When I first began teaching, I had a 32-CD case full of music I had collected for listening and practice (and there was a lot more than that which didn’t fit in those sleeves and stayed at home). But among that collection, there were a few albums which were regularly used in my classes and performances–they were the ‘must-have’ albums for tribal dancers in those early days of the genre–which are still among my favorites today. I thought I would share those titles with you, so if you don’t already own them, you can fill out your musical collection if you are inspired. Of course, you probably don’t buy CD’s very much these days, so I am linking to their MP3 downloads for your convenience.
Gypsy Caravan – Migration
This has always been my absolute “if you are a tribal bellydancer, you simply must own this album” recommendation. To this day some of my favorite tunes are on this album, and bring me right back to those salad days of tribal bellydance.
Helm – F’il Waha, At the Oasis
Like many people at the time, through friends in the SCA was how I was initially introduced to tribal bellydance. Which makes sense, since tribal bellydance grew from Ren Faires, and the music which was their backdrop was created in and around this creative energy. Helm was the band at the Northern California Pleasure Faire, playing for groups such as the original Bal Anat and Hahbi ‘Ru; and Helm now works closely with Carolena and FatChanceBellydance on many live and recording collaborations.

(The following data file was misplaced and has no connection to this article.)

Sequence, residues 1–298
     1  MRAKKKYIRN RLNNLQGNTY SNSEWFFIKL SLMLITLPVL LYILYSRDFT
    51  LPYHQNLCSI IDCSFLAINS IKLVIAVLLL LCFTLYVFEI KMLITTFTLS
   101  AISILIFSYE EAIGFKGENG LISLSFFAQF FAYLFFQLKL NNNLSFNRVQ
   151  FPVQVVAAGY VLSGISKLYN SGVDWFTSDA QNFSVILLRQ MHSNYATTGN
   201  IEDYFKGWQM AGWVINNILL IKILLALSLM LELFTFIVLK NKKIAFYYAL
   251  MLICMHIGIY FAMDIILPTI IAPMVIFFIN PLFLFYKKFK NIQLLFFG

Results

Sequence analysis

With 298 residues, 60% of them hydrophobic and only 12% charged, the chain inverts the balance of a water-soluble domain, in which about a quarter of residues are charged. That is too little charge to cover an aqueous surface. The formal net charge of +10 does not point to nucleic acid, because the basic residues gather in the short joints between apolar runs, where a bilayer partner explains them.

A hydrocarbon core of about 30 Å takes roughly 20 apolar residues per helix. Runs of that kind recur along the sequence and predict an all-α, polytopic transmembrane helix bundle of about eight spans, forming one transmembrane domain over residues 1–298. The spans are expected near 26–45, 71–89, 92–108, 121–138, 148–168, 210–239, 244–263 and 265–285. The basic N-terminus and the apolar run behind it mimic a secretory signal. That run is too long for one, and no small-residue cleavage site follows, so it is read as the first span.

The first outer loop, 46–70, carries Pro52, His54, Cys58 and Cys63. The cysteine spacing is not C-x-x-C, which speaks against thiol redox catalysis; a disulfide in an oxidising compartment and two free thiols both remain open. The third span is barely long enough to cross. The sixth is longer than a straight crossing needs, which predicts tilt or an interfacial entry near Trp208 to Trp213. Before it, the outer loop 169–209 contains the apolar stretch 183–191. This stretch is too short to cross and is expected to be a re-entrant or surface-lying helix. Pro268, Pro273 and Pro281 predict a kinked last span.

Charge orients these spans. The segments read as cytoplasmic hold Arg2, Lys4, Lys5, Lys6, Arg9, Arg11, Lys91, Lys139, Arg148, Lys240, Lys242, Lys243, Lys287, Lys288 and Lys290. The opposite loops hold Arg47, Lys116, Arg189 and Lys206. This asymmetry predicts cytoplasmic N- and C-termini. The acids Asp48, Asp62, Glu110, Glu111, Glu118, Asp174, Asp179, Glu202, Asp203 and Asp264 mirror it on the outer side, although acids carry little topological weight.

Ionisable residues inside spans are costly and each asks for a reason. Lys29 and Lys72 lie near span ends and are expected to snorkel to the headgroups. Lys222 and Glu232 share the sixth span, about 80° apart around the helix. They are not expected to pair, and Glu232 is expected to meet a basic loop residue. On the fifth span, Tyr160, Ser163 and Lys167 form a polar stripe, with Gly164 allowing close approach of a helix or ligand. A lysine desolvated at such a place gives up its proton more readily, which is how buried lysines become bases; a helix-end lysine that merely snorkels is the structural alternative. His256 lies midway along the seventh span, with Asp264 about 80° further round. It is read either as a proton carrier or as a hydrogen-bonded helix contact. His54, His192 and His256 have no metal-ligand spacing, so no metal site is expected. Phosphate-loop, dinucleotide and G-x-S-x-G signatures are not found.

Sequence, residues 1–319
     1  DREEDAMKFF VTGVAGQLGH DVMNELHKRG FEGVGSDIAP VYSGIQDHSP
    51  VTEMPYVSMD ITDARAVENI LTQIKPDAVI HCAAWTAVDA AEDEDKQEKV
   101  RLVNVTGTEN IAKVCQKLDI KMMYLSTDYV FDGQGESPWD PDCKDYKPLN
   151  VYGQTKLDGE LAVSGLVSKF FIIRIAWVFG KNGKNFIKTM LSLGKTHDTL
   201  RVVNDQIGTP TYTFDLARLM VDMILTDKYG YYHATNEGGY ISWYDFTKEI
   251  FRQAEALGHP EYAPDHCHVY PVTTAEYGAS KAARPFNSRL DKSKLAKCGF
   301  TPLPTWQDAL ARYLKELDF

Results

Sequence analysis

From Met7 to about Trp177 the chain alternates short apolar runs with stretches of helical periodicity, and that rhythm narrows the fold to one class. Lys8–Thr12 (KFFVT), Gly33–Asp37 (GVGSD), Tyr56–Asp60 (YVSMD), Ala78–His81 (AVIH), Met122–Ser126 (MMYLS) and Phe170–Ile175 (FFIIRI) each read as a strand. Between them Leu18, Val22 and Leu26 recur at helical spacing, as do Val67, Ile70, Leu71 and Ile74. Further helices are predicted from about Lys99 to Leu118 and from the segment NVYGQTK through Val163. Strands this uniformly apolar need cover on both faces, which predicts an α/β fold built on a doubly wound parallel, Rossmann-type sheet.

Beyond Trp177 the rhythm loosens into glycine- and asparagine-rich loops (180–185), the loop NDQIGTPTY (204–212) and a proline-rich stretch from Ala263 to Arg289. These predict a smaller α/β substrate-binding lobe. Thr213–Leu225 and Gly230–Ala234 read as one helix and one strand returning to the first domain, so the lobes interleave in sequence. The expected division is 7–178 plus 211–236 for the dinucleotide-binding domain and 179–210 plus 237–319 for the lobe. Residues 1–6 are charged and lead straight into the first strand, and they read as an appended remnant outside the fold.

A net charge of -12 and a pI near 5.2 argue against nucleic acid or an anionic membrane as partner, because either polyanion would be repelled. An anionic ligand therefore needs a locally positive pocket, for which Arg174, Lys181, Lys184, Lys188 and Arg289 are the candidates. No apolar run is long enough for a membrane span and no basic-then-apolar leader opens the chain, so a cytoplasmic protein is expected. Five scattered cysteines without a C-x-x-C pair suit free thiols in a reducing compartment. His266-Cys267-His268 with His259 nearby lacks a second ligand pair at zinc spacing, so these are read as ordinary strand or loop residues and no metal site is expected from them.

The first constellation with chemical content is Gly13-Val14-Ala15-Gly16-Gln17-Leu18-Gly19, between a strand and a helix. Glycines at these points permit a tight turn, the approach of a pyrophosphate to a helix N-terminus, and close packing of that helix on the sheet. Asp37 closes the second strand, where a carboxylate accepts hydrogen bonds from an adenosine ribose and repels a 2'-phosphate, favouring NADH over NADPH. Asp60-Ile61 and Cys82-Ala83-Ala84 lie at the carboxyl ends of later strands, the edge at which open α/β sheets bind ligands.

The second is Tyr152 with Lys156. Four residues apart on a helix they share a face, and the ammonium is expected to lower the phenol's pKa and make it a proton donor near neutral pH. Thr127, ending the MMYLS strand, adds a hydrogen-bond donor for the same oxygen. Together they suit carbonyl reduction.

Cheb i Sabbah – Shri Durga
(and don’t miss MahaMaya- Shri Durga Remixed as well!)
Cheb i Sabbah was at the forefront of the Asian Massive movement, and has become a staple in tribal bellydancer’s music collections. I remember when my friend Zanbaka loaned me these albums back in the day–they blew my mind, and I knew I had to get my hands on copies of my own. As UK imports at the time, they weren’t cheap, but so worth it. Lucky for you, they are affordable and downloadable now!
Hamsa Lila – Gathering One
Hamsa Lila is a lesser known group among tribal bellydancers, but they hold a special place in my heart. Not only is their playfully upbeat music part of my dancing memories, my troupe at the time got to open for them at a concert they had here in Seattle long ago. I still remember how giddy I was, and how in awe of their live show I was. If you get a chance to see them live, do it! (PS they toured with Tinariwen as early as fall 2010–how is that for an excellent lineup?)
Solace – Rhythm of the Dance
Jeremiah Soto’s Solace is a soundtrack of the evolution of tribal bellydance, in my opinion. From his earliest folkier works, which include Rhythm of the Dance, on into his modern funky remixes, you can see how his creative path has been tightly in tandem with the zigs and zags of tribal and tribal fusion bellydance. Much of Jeremiah’s instrumental work is electronic, but the drumming is primarily by his own skilled hands; the latter more organic expression being much more my preference. This album was a frequent tool in my arsenal as I was learning drumming and finger cymbals, learning rhythm names and patterns, as well as great for straight up drilling. (I would also include Shawaza and Ahsas among important early Solace albums for me)
Children Of Paradise
Children of Paradise was a world fusion band in Portland, who sometimes would play for Jane Archer’s Circle Dance Company. Their one album from 1999 was definitely created with tribal bellydance and old school tribal in mind.
For fun, here is a video about Children of Paradise, featuring Circle Dance Company! Can you see that Portland tribal vibe/influence throughout the work? It’s really a great piece of video. Hope you enjoy it!
Happy Thanksgiving, everyone! This dance is such a blessing in my life, and that includes all of you beautiful dancers out there. I wish for abundance and contentment for you and yours this holiday!